“Praise the Lord” by Joseph Bathanti

Joseph Bathanti


I was so new to North Carolina, I thought The PTL Club a satire, in the vein of Saturday Night Live. Jim and Tammy’s spoof of televangelists was brilliant. I laughed—even after I found out the truth. When I arrived at Heritage Village, the PTL compound, with five invited black felons, outfitted in forest green Honor Grade, the Bakers met us in the parking lot. Sobbing, we lurched from the white prison van: the day before, two guys had been maced in it for pulling shivs and the fumes hadn’t dissipated. Interpreting our tears for transports of the spirit, Jim and Tammy began to cry and took us, one by one, into their arms.

Their lavish grounds had an etched storybook opulence as if traced from a template and its colors coded in. As we strolled the packed studio, the guys affected, as they often did in public, a stoic gangster nobility—upon their faces a cross between glowering and bemusement, more than anything glad to be out of the joint for the afternoon, but ready to cut and run in a heartbeat.

At a predetermined time, the inmates were to exclaim ensemble, during the show, when the cue came: Praise the Lord. We rehearsed it a number of times. The guys loved seeing themselves on the monitors. They waved and mugged like kids. Then we were live: Jim’s smile and big lapels, Tammy’s face in the fiery stage lights, Andre Crouch and the Disciples singing gospel, a litany of Praise the Lord drizzling over the immense crowd.

We saw on the monitors what free folks at home saw as they watched us on TV in their living rooms: at intervals the inmates flashed among the mendicants like returned prodigals. Then: from the offstage sound man they received their cue. He held up finger number one, Jim suddenly holding the mike, like a torch, to their shocked faces as, on the count of three, each camera in the studio pivoted toward them.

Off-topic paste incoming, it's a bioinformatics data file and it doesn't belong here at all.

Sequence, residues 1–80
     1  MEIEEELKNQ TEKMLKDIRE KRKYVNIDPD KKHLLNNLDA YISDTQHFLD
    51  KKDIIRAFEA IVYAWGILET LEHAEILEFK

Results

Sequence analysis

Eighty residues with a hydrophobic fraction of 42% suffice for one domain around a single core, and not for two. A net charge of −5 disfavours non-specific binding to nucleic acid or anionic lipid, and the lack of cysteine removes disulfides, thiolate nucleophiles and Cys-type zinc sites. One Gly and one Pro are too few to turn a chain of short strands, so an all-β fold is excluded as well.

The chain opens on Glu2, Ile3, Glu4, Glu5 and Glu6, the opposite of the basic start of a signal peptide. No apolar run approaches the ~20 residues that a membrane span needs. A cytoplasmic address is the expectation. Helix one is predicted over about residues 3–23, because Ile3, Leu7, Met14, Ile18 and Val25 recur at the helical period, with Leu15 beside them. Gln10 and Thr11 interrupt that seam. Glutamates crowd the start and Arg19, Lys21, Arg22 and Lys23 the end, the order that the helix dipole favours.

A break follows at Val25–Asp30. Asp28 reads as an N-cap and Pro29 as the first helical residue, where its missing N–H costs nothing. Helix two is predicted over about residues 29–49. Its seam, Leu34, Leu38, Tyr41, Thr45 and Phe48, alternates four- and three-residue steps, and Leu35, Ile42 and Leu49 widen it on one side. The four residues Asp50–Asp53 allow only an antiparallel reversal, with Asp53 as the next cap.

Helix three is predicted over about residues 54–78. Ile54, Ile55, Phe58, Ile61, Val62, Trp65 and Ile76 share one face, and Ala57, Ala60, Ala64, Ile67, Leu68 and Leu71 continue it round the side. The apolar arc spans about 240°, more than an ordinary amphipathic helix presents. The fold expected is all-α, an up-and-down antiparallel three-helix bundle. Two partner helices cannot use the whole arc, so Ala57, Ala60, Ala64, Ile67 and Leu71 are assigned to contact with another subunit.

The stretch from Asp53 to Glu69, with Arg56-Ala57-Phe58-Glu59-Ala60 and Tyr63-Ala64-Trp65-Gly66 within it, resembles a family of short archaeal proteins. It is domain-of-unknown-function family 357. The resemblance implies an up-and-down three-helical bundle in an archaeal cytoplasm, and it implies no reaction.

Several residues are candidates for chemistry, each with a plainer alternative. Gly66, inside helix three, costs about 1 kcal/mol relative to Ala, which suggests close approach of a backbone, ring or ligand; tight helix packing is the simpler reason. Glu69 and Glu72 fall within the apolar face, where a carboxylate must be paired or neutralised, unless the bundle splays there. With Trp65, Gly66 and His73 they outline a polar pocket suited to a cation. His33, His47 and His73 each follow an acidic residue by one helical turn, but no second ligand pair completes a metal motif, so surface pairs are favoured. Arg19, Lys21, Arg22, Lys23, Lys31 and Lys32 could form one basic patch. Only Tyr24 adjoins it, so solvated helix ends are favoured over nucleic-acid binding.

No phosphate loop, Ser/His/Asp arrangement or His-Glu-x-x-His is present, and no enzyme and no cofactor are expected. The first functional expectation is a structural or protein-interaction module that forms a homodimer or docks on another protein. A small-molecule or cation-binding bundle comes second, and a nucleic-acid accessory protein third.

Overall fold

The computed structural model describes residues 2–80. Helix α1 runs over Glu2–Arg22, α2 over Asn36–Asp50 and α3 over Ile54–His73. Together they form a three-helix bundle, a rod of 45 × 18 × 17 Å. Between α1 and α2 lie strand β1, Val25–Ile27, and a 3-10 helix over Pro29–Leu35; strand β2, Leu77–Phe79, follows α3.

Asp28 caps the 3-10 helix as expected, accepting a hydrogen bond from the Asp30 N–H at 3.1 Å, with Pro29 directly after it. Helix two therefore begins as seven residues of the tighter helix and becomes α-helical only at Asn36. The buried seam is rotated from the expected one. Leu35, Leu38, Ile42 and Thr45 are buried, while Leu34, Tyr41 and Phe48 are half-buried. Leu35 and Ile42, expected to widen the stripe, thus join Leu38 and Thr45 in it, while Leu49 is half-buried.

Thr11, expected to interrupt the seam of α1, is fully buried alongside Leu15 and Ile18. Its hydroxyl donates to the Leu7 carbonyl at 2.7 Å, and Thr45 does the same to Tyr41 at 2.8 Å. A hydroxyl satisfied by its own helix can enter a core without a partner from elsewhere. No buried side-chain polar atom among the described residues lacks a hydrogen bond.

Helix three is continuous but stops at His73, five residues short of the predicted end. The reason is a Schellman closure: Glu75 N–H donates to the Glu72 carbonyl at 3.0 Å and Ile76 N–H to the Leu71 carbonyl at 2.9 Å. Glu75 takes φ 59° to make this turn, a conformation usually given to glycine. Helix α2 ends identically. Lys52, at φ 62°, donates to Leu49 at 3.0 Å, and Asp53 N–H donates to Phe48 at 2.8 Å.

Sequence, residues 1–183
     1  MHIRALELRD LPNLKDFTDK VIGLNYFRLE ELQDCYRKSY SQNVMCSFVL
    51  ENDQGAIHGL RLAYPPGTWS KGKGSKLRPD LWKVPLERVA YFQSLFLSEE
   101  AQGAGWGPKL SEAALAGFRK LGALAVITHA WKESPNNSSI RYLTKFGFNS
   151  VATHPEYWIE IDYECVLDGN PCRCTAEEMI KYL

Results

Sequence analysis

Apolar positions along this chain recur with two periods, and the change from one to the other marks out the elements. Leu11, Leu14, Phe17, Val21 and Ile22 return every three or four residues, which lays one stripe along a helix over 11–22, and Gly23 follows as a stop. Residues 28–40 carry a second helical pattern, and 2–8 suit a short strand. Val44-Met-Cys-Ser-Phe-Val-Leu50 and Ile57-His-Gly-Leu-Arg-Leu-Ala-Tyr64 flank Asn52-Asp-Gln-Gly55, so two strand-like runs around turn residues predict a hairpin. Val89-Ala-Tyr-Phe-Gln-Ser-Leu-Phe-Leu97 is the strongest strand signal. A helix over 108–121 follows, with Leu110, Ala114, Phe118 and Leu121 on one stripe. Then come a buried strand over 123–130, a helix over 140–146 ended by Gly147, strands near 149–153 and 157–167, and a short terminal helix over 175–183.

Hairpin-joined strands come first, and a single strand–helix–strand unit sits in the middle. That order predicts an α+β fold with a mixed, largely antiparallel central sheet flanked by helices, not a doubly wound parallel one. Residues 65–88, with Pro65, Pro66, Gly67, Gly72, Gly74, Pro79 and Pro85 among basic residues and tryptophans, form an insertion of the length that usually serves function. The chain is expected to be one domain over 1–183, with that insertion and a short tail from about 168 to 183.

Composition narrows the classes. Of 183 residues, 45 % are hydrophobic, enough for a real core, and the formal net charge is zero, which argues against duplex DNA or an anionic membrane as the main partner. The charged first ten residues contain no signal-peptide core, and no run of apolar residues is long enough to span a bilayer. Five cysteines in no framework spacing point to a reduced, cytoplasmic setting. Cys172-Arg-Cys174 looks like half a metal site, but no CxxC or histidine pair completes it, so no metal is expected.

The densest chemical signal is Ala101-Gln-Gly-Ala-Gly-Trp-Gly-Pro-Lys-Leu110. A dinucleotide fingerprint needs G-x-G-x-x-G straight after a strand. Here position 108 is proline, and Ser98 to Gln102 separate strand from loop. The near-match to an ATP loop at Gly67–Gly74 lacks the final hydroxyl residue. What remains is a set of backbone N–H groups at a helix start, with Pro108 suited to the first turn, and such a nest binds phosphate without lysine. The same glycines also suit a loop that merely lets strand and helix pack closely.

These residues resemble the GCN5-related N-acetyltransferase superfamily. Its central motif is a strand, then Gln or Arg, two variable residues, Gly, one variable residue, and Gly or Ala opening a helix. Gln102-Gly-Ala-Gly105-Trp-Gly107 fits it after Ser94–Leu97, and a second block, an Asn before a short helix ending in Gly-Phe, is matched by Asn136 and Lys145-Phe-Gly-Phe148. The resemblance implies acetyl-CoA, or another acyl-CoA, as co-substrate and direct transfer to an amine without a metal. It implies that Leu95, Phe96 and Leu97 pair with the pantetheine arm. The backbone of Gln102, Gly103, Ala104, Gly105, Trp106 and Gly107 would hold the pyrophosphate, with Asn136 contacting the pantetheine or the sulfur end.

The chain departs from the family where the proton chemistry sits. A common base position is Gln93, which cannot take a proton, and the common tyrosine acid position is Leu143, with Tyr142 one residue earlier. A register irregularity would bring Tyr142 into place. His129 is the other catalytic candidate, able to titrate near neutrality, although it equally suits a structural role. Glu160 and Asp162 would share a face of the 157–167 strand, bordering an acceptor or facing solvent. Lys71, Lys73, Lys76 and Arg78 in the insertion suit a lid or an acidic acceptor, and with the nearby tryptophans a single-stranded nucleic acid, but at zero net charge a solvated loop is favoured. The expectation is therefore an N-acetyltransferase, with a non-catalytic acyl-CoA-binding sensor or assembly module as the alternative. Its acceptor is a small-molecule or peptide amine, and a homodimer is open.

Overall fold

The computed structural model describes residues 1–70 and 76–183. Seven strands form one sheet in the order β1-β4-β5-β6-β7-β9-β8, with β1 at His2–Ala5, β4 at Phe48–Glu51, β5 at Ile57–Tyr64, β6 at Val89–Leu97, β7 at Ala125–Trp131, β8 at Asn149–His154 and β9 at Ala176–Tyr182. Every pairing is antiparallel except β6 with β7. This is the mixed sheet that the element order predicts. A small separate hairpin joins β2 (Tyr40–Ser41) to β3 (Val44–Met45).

They said nothing, nor smiled, nor moved—as if God, in His almighty wisdom, His good taste and discretion, His infinite love for the very least, had struck them stone.

from Rattle #37, Summer 2012


Joseph Bathanti: “I came to North Carolina as a VISTA Volunteer in 1976 to work with prison inmates at Huntersville Prison, North of Charlotte. Since then I’ve been actively involved with various kinds of prison work, especially teaching creative writing inside of them. My writing and teaching is heavily influenced by my prison experiences. My second novel, Coventry, for instance, is set in a fictional North Carolina prison. ‘Praise the Lord’ is almost journalistically accurate, more a memoir than a poem. I teach at Appalachian State in Boon, NC.” (website)

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